Logic Pro is currently my preferred DAW (digital audio workstation) since I’ve created all of my projects there and am more comfortable with that platform. As a musician, I may one day need to take my song to a studio where I will need to import the audio files or project into Pro Tools. There’s actually more of a likelihood that as a producer, I will have to send my audio files to a mix engineer should I decide not to mix my songs myself. Here is what I do to get my audio files from Logic into Pro Tools:
Step #1 – From within my Logic session, I set my cycle bar to cover the length of the song plus 1-2 additional measures, and then I navigate to File -> Export -> All Track as Audio Files (or use shortcut keys Shift+Cmd+E).
Step #2 – Below are the settings that I choose. I select the check box ‘Limit Export to Cycle Range’ so that I’m not capturing unwanted silence in my exported tracks. My ‘Save Format’ is WAVE, ‘Bit Depth’ is 24 Bit, my saved output is going to be ‘One File per Track’, I don’t want to ‘Bypass Effect Plug-ins’ and I want to ‘Normalize’ as ‘Overload Protection Only’.
If you are sending your tracks to be professionally mixed, then you should consider checking the ‘Bypass effect Plug-ins’ box so that all of your inserts will be turned off. This will allow your mix engineer to have full creative control over the effects and plug-ins that he or she wants to use. I choose to leave my normalization setting to ‘Overload Protection Only’ because this tells Logic to turn down the volume on the tracks that are peaking and distorting so that they peak at 0db.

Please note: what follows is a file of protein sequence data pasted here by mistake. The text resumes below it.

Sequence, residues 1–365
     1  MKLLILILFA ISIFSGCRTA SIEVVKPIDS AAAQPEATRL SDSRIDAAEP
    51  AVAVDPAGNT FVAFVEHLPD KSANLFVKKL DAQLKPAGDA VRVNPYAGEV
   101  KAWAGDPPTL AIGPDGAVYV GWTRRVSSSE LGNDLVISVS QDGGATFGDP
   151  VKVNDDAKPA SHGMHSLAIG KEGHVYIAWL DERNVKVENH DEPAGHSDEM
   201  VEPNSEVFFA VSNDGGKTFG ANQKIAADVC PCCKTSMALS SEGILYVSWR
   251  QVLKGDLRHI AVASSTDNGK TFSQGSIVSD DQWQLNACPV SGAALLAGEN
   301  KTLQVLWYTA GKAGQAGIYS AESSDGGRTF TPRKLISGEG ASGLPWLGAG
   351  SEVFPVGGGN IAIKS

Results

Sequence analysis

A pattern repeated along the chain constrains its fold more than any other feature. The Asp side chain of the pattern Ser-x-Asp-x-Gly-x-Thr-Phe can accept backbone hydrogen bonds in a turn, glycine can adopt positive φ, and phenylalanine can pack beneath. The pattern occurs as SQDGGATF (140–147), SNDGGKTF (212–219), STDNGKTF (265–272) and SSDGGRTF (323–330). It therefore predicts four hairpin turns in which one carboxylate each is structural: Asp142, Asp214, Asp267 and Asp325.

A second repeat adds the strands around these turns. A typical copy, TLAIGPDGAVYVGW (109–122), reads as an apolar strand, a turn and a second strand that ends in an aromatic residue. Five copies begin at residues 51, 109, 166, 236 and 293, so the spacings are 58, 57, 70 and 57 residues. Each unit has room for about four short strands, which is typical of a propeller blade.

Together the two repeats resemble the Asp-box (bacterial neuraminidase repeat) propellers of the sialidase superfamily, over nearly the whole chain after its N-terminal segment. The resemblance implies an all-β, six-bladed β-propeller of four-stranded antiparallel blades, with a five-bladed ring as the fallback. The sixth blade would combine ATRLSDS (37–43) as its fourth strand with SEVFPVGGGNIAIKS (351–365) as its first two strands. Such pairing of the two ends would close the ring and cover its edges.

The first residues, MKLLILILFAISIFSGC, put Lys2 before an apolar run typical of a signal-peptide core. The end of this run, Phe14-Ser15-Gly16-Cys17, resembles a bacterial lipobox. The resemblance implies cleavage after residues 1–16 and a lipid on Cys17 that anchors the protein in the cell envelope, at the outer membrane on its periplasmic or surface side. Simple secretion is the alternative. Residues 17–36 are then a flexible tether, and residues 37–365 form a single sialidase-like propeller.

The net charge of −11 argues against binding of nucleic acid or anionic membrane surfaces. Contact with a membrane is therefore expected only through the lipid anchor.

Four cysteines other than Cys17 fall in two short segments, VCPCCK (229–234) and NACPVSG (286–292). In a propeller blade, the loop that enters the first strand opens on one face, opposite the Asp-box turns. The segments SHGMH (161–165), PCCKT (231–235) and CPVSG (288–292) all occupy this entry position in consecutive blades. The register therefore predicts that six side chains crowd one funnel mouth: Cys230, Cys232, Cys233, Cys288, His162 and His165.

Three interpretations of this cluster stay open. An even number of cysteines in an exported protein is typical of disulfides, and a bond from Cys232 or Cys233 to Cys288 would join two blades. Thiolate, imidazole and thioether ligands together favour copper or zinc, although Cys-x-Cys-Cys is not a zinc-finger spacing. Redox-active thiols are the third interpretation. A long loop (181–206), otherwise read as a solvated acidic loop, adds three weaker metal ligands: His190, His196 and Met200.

I also click on the ‘New Folder’ button to create a separate directory on my desktop for each project that I’m exporting as audio files. When you select the ‘One File per Track’ export option, each of the tracks in your Logic project will be saved as its on individual audio file. It helps me to stay organized by creating individual folders per song.
Step #3 (Pro Tools) – After checking my file folder on my desktop to make sure that all of the audio files are there, I then create a new blank project in Pro Tools and click the shortcut key command Shift+Cmd+I (or navigate to File -> Import) to select the audio files that I want to import. Next, click on the ‘Open’ button to begin the import process.
Step #4 (Pro Tools) – Below are the import options that I select within my Pro Tools session. If you select ‘Clip List’ as you input destination, then your tracks won’t show up in your session workspace. You would then have to manually move each audio file from your list to your workspace. I also make my import location ‘Session Start’. This way all of my tracks will start at measure 1. Click ‘OK’ to have your audio files imported into Pro Tools at your desired destination and location settings.